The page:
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Helping your Team ( and yourself) Prevent burnout

The latest Harvard Business Review has a great article on managing 'burnout'.  One of the key points the article makes is that burnout in an organization is typically not isolated to one individual but is experienced by the entire team.  I have taken the liberty of injecting some of my thoughts in the thinking.  

The key signs of burnout are as follows:

Exhaustion -  I am physically and mentally tired.  Physical, cognitive, and emotional fatigue impacts people’s ability to work effectively and feel positive about what they’re doing.

Alienation -  I don't feel part of the organization.  Feeling detached from the workplace and the work we do. Alienation happens when we don't feel connect to the organization and have a sense of purpose that what we do makes a difference.

Ineffective - I don't feel like I am accomplishing anything and can't do anything right. Feeling ours skills are slipping and worrying that they we won’t be able to succeed in certain situations or accomplish certain tasks ... and I can't get anything done.  

What can we do as leaders what can we do about the burnout problem?

Put your own oxygen mask on first - Follow the advice that they give if your airplane looses air pressure - put your own oxygen mask on first - and take care of yourself. If a leader is feeling burnout they will have trouble helping their team.   

Watch for Warning Signs 

  • The signs of burnout are obvious in some people but subtle in others. Keep an eye out for tiredness, lack of focus, depressed mood, hostility, and expressions of hopelessness.
  • Regularly check in with team members to gauge their physical, cognitive, and emotional energy levels.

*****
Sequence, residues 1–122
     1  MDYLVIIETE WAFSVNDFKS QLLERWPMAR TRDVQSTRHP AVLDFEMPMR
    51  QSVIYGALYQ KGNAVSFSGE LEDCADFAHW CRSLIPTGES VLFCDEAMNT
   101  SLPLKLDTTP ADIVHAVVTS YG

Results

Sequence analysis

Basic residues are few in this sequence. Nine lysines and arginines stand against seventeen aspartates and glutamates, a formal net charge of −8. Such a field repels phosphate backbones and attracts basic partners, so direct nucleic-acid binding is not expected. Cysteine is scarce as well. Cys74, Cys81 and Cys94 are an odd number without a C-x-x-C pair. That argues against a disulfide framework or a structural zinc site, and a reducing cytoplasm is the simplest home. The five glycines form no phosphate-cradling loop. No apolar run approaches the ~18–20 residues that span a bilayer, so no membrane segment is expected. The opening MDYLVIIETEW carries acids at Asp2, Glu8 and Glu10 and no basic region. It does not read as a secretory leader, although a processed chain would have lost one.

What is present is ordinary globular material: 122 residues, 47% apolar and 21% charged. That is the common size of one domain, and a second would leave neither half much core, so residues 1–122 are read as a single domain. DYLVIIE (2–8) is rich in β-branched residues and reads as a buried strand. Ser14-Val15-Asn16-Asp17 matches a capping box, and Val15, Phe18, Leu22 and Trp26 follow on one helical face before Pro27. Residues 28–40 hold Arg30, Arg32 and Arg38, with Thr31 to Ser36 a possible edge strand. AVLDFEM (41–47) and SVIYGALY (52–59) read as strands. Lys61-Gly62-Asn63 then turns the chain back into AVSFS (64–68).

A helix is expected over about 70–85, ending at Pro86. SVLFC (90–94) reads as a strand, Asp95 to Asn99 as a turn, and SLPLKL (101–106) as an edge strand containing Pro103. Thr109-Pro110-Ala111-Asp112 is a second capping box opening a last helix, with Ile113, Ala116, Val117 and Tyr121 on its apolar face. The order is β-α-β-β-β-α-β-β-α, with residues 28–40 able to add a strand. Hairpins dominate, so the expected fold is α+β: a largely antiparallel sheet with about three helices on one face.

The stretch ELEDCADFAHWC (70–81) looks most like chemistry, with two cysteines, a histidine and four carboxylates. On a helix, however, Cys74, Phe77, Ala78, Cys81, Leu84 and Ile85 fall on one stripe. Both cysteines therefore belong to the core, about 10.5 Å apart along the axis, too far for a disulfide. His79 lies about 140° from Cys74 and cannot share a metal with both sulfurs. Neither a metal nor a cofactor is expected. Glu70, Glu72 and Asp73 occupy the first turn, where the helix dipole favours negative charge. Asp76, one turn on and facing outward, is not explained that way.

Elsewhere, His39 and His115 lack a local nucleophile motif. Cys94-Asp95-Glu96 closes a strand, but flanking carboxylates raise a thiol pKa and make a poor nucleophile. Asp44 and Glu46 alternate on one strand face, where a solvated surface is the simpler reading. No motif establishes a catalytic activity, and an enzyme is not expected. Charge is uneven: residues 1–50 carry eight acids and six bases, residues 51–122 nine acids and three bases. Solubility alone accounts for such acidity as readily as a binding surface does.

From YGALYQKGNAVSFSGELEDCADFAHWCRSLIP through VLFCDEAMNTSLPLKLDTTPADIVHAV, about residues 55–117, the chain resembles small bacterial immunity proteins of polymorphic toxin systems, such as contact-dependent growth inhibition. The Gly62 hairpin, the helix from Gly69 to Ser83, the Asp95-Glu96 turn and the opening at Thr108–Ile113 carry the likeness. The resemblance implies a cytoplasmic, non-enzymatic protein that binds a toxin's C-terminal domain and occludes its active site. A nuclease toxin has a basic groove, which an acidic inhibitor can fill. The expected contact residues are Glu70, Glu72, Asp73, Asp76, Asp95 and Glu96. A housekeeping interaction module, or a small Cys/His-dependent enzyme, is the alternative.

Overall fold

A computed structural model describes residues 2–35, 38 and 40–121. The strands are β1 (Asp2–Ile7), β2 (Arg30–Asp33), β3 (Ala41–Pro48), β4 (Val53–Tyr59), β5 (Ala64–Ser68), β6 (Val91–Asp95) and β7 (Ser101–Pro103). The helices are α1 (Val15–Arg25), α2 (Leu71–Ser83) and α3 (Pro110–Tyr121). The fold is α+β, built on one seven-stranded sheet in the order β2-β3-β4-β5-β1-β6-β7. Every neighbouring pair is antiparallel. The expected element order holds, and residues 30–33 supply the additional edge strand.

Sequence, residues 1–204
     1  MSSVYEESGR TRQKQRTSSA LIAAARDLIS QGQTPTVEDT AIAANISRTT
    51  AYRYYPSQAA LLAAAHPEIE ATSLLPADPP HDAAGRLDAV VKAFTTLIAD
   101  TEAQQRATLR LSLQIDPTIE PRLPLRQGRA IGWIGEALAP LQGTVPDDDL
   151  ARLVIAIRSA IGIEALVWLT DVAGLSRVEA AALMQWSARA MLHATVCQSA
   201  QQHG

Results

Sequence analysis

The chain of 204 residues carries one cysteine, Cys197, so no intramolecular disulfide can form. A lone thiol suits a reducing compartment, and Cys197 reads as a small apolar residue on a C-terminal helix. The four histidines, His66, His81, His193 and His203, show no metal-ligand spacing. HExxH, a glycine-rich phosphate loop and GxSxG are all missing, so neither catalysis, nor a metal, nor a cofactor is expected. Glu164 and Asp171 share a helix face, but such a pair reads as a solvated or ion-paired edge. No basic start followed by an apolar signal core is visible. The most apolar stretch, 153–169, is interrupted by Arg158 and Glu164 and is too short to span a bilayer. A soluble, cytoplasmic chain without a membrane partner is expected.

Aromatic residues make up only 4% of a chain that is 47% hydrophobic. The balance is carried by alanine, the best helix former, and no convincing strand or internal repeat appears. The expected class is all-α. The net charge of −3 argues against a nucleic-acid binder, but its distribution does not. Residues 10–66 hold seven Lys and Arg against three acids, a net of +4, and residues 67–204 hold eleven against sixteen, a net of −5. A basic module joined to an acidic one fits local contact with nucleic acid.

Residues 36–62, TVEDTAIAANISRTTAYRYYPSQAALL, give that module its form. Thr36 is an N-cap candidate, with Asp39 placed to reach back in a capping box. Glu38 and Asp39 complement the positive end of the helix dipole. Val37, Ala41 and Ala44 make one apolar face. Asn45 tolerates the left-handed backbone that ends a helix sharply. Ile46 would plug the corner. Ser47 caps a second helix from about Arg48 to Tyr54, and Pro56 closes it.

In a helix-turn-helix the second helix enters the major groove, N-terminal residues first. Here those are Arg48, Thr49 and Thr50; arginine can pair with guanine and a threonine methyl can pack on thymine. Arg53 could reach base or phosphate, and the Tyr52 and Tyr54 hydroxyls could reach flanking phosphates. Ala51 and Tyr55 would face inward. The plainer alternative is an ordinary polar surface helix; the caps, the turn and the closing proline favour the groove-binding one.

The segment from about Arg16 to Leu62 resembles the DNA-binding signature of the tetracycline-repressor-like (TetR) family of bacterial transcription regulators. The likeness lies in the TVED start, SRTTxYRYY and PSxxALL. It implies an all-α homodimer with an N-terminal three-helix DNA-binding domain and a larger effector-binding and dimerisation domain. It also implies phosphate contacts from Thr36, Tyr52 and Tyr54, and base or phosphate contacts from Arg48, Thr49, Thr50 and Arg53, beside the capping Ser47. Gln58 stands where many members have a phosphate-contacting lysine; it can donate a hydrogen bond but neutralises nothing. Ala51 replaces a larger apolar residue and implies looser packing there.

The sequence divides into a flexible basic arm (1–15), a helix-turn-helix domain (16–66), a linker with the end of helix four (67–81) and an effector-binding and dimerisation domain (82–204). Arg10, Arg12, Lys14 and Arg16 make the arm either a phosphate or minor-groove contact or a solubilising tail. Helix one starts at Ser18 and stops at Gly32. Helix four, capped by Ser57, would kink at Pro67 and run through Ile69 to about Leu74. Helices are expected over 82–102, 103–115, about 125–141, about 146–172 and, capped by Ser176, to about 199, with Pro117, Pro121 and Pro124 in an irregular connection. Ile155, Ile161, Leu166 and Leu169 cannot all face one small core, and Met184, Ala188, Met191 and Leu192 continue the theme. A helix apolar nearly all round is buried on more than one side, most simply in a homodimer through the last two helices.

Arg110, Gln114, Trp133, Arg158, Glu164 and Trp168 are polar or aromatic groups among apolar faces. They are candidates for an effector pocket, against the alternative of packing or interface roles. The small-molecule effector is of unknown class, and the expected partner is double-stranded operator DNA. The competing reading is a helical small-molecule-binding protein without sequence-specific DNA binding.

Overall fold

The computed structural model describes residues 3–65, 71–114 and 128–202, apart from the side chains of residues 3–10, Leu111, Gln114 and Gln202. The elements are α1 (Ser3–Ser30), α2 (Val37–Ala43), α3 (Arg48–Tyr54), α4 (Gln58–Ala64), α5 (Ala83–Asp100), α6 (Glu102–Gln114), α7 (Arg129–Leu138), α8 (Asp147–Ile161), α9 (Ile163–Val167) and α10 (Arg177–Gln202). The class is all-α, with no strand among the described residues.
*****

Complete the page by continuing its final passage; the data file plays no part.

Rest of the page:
Improve the Team's Capacity

  • Help your team them help themselves - Understand what your team's capacity is and manage what work is in process.   Work with your team to create additional capacity and limit the number of projects and tasks we have.  It is better to work on fewer things and get them done than taking on a lot and getting nothing done.  
  • Protect the core and make sure your team is focused on the primary work. Where possible shield your team from external pressures, including unreasonable or unclear customer and management demands.
  • Try to limit and manage drop in or 'squirrel' tasks.  

Insist on Renewal

  • Communicate that optimal performance depends on rest and renewal. Encourage people to set sensible limits on work hours. We are only effective for around 8 hours of work a day.  
  • Set an example by keeping reasonable hours yourself.
  • Make sure your team members take their full vacation time.

Boost Control

  • While you can't control everything - emphasis that fact that you can always control the impact that non-controllable situations has on your team.  
  • Advocate for the resources your team needs to perform.
  • Build in focused slack - Create uninterrupted time for people to make progress on important tasks.

Make Team Recognition Meaningful

  • Regularly highlight wins and successes, even small ones.
  • Recognize and reward people for helping others.
  • Note the positive impact of your team’s work on others.

Emphasize Learning and Continuous Improvement

  • Focus on our organizations vision, strategy and goals and what resources and development activities are required to achieve them.
  • Share what you’re learning and how you’re doing it.
  • Get out and benchmark with other organization's to get a better perspective on what we need to do to improve. 

Facilitate Mutual Support

  • Talk regularly about progress toward team goals.
  • At team meetings, ask what assistance people need and can offer one another.
  • Be open about asking for and giving support.

Build Community

  • Don’t tolerate incivility on your team. Set an example for respectful, compassionate behavior toward others.
  • Encourage people to share what’s happening in their lives outside of work.
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Scott Smith
January 16, 2024
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